For weeks, cries of censorship and cyberbullying have been echoing across the digital halls of the video-sharing site as a few prominent men have come out swinging, accusing opportunistic women of using their sex appeal—read: boobs—to rob them of traffic and the cash that comes with it.
Now that’s fascinating. When (if ever) does sex appeal count as cheating?
Years ago on YouTube, some creators would run a single frame of boobs in the exact center of a video, so it would show as the thumbnail. From the friends I’ve had there, I’ve learned that a lot of policy and tech changes came from dealing with people trying to game the system.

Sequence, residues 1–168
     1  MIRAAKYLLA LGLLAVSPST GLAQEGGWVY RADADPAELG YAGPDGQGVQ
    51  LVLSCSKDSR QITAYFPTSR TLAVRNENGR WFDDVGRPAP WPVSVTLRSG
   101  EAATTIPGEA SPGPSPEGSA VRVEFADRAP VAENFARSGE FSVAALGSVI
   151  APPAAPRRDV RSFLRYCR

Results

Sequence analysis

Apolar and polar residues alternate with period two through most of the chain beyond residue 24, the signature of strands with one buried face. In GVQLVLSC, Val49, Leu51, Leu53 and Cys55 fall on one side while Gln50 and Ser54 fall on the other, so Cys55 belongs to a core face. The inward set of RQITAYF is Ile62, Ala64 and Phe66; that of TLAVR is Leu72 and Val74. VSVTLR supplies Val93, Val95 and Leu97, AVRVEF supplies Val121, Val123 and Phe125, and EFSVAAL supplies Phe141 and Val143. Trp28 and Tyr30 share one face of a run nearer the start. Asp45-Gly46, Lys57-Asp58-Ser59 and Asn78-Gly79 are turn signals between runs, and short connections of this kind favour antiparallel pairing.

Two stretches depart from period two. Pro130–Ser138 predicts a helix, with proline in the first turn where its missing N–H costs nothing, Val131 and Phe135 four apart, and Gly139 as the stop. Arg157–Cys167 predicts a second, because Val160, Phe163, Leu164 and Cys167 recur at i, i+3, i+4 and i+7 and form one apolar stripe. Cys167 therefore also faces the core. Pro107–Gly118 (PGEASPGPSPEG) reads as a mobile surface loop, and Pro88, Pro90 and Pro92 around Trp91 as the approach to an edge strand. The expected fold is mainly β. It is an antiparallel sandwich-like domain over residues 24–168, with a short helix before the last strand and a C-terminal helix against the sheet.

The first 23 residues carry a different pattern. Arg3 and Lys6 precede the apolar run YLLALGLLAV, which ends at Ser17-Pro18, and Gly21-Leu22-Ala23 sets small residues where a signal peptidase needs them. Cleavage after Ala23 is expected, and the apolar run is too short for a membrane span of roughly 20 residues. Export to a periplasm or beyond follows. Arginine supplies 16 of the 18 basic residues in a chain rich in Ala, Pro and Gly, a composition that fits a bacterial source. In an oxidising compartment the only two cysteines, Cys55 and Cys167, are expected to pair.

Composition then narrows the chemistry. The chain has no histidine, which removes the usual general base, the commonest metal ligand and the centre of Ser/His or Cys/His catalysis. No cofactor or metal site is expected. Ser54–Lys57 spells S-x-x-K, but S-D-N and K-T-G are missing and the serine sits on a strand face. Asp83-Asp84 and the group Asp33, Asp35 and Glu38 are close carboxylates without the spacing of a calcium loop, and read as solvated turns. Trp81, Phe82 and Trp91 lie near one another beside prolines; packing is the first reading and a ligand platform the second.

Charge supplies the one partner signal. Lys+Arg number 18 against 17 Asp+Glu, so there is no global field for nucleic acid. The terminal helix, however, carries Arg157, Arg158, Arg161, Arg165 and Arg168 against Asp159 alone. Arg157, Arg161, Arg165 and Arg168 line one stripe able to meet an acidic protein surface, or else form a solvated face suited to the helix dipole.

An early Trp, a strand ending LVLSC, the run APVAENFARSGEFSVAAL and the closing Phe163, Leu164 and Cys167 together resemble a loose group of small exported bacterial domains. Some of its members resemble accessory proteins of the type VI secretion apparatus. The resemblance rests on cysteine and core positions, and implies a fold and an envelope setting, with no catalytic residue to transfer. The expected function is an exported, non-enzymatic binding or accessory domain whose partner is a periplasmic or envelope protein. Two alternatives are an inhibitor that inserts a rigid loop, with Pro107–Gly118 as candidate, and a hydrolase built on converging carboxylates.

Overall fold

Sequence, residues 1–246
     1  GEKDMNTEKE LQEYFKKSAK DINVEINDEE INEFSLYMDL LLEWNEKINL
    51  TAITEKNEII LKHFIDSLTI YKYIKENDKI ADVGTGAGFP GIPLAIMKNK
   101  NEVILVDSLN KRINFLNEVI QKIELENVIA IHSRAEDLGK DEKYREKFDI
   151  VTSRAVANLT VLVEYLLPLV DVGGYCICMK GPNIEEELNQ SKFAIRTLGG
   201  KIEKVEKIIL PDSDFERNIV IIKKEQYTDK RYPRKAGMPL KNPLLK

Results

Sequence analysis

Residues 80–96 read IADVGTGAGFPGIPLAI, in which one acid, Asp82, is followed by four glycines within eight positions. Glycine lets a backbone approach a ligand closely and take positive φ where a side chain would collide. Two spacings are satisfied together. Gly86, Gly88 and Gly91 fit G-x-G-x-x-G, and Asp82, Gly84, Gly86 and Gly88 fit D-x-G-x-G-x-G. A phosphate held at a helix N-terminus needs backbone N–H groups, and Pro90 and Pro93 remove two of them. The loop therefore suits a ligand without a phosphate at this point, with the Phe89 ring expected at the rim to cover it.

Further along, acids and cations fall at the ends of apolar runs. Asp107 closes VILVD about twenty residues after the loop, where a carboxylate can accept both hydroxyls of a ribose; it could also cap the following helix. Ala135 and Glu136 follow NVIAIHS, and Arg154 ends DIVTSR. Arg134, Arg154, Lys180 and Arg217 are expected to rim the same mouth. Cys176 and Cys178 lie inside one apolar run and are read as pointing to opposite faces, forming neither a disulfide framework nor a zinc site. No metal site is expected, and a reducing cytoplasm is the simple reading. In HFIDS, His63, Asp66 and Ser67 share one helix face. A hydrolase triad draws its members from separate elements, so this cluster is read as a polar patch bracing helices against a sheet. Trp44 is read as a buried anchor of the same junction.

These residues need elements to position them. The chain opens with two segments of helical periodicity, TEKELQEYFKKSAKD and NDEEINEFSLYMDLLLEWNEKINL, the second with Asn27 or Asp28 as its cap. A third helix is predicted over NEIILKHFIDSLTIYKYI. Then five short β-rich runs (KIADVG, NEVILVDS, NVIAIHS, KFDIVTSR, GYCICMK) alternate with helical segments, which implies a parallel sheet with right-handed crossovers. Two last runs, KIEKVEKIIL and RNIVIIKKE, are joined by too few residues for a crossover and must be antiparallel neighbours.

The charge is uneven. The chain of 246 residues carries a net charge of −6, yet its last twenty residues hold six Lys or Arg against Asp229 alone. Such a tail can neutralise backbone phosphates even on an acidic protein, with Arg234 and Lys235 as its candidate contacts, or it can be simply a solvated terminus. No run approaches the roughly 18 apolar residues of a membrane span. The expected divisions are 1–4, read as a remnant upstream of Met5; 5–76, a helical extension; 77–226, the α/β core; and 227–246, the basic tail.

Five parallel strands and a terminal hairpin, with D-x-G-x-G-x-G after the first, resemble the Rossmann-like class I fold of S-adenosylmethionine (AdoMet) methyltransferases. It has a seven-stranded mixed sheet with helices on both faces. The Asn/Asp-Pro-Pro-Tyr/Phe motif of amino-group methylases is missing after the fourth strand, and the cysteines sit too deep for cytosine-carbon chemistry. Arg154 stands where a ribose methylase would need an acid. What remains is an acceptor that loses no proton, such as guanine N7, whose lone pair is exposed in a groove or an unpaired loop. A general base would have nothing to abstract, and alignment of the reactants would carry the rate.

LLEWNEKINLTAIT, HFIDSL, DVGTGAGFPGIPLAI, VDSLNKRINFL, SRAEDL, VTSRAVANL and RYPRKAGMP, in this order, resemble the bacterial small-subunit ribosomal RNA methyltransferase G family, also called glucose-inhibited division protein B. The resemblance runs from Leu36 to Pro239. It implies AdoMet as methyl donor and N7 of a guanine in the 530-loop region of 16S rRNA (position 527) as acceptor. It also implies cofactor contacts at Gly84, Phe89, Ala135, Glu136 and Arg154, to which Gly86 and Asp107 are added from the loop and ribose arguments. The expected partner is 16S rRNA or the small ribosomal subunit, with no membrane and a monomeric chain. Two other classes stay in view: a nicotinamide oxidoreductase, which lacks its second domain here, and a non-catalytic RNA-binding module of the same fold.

Because when you’re trying to build a platform that rewards popular content but also rides on instant, repeated discovery, the more popular you get, the harder you have to fight to maintain site integrity. And your long-term goals (even financial ones) could be hurt by meeting your short-term ones the wrong way.